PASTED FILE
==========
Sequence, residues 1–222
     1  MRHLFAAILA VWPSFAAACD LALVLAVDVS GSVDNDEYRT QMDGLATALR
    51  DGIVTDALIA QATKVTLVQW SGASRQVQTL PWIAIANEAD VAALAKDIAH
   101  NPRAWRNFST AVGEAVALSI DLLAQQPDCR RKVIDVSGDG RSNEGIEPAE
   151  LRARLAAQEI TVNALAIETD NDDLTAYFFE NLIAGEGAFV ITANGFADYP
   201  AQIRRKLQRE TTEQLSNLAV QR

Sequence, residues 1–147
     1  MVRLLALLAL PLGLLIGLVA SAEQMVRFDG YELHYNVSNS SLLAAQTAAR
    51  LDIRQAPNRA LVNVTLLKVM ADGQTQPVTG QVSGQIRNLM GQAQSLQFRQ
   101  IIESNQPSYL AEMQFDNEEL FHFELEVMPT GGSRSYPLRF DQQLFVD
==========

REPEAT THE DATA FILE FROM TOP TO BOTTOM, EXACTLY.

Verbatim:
Sequence, residues 1–222
     1  MRHLFAAILA VWPSFAAACD LALVLAVDVS GSVDNDEYRT QMDGLATALR
    51  DGIVTDALIA QATKVTLVQW SGASRQVQTL PWIAIANEAD VAALAKDIAH
   101  NPRAWRNFST AVGEAVALSI DLLAQQPDCR RKVIDVSGDG RSNEGIEPAE
   151  LRARLAAQEI TVNALAIETD NDDLTAYFFE NLIAGEGAFV ITANGFADYP
   201  AQIRRKLQRE TTEQLSNLAV QR

Sequence, residues 1–147
     1  MVRLLALLAL PLGLLIGLVA SAEQMVRFDG YELHYNVSNS SLLAAQTAAR
    51  LDIRQAPNRA LVNVTLLKVM ADGQTQPVTG QVSGQIRNLM GQAQSLQFRQ
   101  IIESNQPSYL AEMQFDNEEL FHFELEVMPT GGSRSYPLRF DQQLFVD